Wednesday, July 05, 2006

Stopping WMD

You all know about North Korea, but I have a question - What does it say about an Administration when they select to invade a country that has no WMD, but they can not stop an "evil" dictator for test firing six missiles that may very well have carried nuclear warheads, all the while a press briefing about the subject is being conducted?
MR. SNOW: Steve, did all five fall in the Sea of Japan?

MR. HADLEY: I have one piece of news. There has been a sixth.* The fifth missile was a Nodong, it hit the Sea of Japan. It was launched at 6:31 p.m., eastern daylight time, impact at 6:36 p.m. There has been a sixth launch. This is also from a Nodong, also from the Kittaeryong facility. We don't have an impact location or time at this point.
Of course, I can see Kim Jung Il taking the Whitehouse's statment very seriously, no?
On the afternoon of July 4 (Washington, DC time), the U.S. detected multiple missile launches from North Korea, including the Taepo Dong 2. The United States strongly condemns these missile launches and North Korea's unwillingness to heed calls for restraint from the international community. We are consulting with international partners on next steps. This provocative act violates a standing moratorium on missile tests to which the North had previously committed. Regardless of whether the series of launches occurred as North Korea planned, they nevertheless demonstrate North Korea's intent to intimidate other states by developing missiles of increasingly longer ranges. We urge the North to refrain from further provocative acts, including further ballistic missile launches.

The September 2005 Joint Statement at the Fourth Round of the Six Party Talks offered the North Korean government and the North Korean people a better path. North Korea's actions only serve to further isolate North Korea and harm its people. While the United States remains committed to a peaceful diplomatic solution and to implementation of the agreed upon Joint Statement, the North Korean regime's actions and unwillingness to return to the talks appears to indicate that the North has not yet made the strategic decision to give up their nuclear programs as pledged to the other five parties. Accordingly, we will continue to take all necessary measures to protect ourselves and our allies.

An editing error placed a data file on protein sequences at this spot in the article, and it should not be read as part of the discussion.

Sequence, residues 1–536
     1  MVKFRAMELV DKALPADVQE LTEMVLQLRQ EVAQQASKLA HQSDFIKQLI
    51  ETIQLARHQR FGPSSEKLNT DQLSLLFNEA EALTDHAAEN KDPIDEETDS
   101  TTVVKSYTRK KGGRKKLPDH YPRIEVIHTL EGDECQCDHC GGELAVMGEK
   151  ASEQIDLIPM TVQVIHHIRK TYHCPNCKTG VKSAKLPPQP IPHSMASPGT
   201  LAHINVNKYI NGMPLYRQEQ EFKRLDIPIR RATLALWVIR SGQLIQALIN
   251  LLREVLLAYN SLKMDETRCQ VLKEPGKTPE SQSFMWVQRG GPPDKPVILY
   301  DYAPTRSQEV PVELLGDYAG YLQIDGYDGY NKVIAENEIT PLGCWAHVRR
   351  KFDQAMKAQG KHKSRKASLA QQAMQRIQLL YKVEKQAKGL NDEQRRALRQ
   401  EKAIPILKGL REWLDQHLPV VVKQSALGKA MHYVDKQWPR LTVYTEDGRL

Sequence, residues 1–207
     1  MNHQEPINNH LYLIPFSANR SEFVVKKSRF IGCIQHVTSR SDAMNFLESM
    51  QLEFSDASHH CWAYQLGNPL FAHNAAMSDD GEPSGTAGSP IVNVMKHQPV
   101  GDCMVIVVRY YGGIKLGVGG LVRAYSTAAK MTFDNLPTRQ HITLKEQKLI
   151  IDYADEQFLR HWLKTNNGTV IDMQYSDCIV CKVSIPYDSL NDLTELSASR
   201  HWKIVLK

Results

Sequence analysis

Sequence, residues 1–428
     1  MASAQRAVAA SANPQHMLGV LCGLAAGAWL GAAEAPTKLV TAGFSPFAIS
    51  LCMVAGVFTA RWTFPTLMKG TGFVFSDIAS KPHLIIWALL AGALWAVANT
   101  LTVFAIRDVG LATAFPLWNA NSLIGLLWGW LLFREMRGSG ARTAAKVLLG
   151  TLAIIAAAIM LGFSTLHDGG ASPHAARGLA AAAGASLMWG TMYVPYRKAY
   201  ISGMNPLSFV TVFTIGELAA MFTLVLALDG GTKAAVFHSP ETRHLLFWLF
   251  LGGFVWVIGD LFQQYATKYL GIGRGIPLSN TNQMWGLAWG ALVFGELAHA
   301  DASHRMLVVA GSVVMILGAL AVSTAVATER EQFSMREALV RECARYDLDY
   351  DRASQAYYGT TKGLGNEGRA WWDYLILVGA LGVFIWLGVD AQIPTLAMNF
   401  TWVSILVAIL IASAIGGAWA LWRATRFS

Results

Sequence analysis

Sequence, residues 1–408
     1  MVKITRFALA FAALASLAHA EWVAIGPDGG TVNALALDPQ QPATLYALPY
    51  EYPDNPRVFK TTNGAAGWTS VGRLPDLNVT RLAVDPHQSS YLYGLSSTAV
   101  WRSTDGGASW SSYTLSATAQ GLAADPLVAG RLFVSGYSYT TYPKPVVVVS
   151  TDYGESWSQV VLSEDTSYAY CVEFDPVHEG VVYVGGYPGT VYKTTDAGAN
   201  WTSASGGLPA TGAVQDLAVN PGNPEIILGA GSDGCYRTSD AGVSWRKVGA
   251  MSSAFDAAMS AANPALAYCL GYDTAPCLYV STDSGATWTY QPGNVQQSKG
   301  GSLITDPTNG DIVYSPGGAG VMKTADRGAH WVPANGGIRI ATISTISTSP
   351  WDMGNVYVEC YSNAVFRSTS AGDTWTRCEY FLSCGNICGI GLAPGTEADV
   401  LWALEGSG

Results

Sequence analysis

We will be seeking to address this matter in discussions in New York and with our allies and regional partners.

To Whom Does The "Decider" Go For Permission To Make A Decision?

I was finishing up my coffee this AM and heard an interesting interview of Jane Mayer (New Yorker Magazine) conducted by Terry Gross on NPR's Fresh Air. They were talking about a man who's name I had not heard before - one David Addington. In an article that is in print as of yesterday, but not on line just yet (at least not those who haven't paid for a subscription like myself),Mayer exposes the "Hidden Power" that drives all decisions directly through the Vice President's office. In particular, she fingers Addington as the brains and yes man that has liberally deployed the stamp of legal approval of all things illicitly executed by the W, Rove and Co.

Yes, indeed, David Addington - a lawyer who was never elected by any person to serve us - was appointed by the Big Dick Cheney (and their relationship goes way back to the days when they actively supported the Vietnam War) to assuage the W, Rove and Co.'s collective conscience (if they have one)because David has a propensity to think through, design,circumvent the legalities and rationalize things like Gitmo.

My bet is that the American people have no knowledge of who this man is and what damage he has done to our Constitutionally chartered system of government. I suggest that we in the blogisphere rectify this problem and do as much as possible to expose this man (apparently no picture has been published of this man, nor has he ever been interviewed for the record). Much like Uncle Karl, Addinton has his tentacles in many a problem, but his fingerprints are hard to find on anything. Slippery beasts.

Kenny Boy Slips Through The Mighty Fingers Of Justice

In case you haven't already heard, Ken Lay died. Heart attack. Slipping through the fingers of justice, no doubt, Lay skates swiftly across the river Styx to the gates of hell for an extended stay anxiously awaiting the arrival of his pals in the W, Rove and Co.